10. Good points in this article. Judgement is paramount as not all people are through grief in 2 months. I get that was the consensus, however it took me quite a few years to get through the loss of my son, brother, father, 2 best friends, and many other friends all within a 2 year time frame. I was more in shock. Loss is related to what the person meant to you, and I would be concerned about pathologizing normal grief that last longer than 2 months and is not depression. Lots of great comments here.
  11. It appears that there is an eagerness to medicalize every human normal emotional situation and and give pills. This is a modern phenomena as western cultures have lost the rituals in case of death in a family and the grief process and also support to the person who had a loss. Therefore In my opinion it is important to learn from other cultures where rituals are still in place and how they go through normal grief process, instead of medicalizing and giving pills. Of course in certain individuals should major depression is precipitated by a loss then treatment should be tailored appropriately.
  12. When Bruce Lee was asked what his method of martial arts was to be called, he said thatnhis method was “no method but being like water, changing its shape according to the nature of the circumstances one faces.” Two troubling words are coming out of the discourses above:1-Medicalize and 2-Procrustean.Medicalize, when seen with the adjective Hippocratic changes the world view of a healer with a Shakespearean breadth of interest in allthings human and eliminates the ugly result from the ugly words”cold and clinical” which results in “Procrustean” which means that one lops off the parts of our patients’ bodies and souls that do not conform to our fascistic notion of what the world should be the way we order it to be as in Dag Hammarskjold’s quote:”If you see yourself as a hammer,you will see all problems as nails.”Truce T. Ordona,M.D.,FMCH,Iowa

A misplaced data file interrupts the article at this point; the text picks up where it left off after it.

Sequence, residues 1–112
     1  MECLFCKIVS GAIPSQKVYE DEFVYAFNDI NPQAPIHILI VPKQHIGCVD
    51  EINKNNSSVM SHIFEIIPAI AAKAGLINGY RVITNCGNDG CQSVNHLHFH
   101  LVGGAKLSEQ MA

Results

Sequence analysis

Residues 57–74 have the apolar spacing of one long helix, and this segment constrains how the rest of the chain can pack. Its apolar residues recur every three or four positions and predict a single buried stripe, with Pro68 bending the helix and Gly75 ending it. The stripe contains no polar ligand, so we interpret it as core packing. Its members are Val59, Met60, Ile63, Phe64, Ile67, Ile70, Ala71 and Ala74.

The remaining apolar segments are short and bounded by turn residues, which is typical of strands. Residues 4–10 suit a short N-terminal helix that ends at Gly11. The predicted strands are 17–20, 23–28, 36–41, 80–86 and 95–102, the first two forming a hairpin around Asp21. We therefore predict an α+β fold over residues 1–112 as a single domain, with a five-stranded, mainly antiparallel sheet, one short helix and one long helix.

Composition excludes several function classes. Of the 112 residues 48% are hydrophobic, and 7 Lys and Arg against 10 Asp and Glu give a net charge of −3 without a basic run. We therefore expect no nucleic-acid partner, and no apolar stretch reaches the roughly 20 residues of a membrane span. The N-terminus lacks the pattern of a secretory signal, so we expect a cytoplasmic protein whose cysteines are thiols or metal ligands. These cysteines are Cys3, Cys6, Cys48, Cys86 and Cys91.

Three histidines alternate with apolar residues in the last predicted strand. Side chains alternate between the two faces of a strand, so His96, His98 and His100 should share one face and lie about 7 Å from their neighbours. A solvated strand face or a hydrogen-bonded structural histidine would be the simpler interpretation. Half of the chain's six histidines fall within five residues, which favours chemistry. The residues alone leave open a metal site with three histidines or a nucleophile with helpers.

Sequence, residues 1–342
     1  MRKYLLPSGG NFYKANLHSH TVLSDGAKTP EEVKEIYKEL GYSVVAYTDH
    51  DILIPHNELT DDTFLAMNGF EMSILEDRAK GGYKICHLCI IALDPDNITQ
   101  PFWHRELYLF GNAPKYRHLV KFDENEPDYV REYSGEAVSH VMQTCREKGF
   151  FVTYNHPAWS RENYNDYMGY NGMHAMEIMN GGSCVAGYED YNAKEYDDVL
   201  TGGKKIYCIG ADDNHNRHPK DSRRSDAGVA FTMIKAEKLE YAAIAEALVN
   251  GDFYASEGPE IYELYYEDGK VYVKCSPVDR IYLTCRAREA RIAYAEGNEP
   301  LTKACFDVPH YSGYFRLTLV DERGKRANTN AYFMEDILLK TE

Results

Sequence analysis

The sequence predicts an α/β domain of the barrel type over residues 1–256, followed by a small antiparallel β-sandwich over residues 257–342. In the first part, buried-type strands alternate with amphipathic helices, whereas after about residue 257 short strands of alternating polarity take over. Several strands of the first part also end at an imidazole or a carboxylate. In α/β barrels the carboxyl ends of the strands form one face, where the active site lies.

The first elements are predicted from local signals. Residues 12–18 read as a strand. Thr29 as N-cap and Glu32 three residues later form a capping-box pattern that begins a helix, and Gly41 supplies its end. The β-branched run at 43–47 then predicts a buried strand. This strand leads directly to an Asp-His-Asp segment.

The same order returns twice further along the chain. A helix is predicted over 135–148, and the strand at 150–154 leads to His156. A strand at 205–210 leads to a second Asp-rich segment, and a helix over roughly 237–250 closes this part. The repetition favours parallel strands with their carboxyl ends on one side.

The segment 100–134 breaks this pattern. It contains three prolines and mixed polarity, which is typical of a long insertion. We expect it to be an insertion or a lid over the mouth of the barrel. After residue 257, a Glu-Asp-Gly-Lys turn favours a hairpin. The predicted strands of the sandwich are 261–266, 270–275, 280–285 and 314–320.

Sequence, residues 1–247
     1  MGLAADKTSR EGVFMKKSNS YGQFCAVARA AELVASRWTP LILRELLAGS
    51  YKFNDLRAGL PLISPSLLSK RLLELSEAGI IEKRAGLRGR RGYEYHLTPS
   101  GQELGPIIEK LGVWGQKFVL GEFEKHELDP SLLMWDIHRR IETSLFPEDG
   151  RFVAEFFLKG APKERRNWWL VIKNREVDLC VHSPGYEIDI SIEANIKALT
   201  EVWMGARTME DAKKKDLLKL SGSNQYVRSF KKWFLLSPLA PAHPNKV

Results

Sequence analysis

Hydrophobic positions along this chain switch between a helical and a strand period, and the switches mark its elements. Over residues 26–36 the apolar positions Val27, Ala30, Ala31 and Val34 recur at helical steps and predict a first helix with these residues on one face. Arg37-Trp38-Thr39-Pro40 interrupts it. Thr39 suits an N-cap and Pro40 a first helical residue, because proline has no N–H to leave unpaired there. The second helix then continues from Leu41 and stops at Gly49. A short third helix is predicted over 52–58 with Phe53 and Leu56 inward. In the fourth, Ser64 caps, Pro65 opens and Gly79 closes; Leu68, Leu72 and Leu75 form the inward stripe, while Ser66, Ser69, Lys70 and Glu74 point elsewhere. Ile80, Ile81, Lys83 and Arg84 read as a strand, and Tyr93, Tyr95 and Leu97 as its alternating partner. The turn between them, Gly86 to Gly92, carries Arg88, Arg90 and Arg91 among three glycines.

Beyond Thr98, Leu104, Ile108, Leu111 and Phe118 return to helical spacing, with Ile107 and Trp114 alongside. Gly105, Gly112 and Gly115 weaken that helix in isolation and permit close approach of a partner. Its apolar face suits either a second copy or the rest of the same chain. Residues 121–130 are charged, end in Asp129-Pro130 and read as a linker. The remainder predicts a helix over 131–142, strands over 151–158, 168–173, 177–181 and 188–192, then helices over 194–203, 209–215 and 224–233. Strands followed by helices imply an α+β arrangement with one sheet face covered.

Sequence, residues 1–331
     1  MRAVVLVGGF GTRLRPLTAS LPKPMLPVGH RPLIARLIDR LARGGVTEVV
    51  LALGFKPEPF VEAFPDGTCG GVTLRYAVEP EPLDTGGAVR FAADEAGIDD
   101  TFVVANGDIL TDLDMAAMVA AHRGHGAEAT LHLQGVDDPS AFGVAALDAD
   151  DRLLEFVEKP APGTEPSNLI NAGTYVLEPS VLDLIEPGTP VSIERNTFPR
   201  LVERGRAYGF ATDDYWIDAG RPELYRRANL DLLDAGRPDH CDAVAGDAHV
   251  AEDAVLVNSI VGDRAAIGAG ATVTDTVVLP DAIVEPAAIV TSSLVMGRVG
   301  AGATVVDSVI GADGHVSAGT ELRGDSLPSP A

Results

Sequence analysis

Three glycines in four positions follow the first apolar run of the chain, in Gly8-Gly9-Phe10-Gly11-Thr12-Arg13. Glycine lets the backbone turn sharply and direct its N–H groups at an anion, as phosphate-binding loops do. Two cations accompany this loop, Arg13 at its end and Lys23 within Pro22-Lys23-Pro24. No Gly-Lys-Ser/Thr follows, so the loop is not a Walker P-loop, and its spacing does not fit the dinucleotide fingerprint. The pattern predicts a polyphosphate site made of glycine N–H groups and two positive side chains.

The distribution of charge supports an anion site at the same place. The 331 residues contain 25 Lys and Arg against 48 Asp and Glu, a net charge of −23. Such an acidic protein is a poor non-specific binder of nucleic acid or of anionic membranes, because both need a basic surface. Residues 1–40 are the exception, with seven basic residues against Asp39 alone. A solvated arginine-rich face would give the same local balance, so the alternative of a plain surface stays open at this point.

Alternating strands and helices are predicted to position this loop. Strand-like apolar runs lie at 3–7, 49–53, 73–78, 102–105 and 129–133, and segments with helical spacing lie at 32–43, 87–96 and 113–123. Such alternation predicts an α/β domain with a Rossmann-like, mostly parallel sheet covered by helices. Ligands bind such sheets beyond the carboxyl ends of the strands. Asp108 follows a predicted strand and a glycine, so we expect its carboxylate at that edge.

13. Our society has very low tolerance for behaviors that are anything but cheerful and pleasant. Grief is one of those. Intrusive attention-seeking is another. Anger is a third. Anxiety is a fourth. All are well within the normal range of human behaviors, but because we CAN change them with medications, we assume that they are illnesses! I can reduce your anxiety in the pre-surgery suite with Benzodiazepines, but does that mean that pre-surgical anxiety is a disease? Anyone not worried about being cut open in the age of MERSA might be considered a hysteric!
    Let’s work on increasing society’s tolerance for “uncomfortable behaviors” instead. Use compassion, presence, patience and kindness rather than pills.
  14. I think a careful reading of the DSM-5 will reassure many who see the new classification as an attempt to “medicalize every human, normal emotional situation.” I think the DSM-5 makes conscientious efforts to distinguish pathological states from ordinary emotional reactions.

    For example, on p. 168, the text states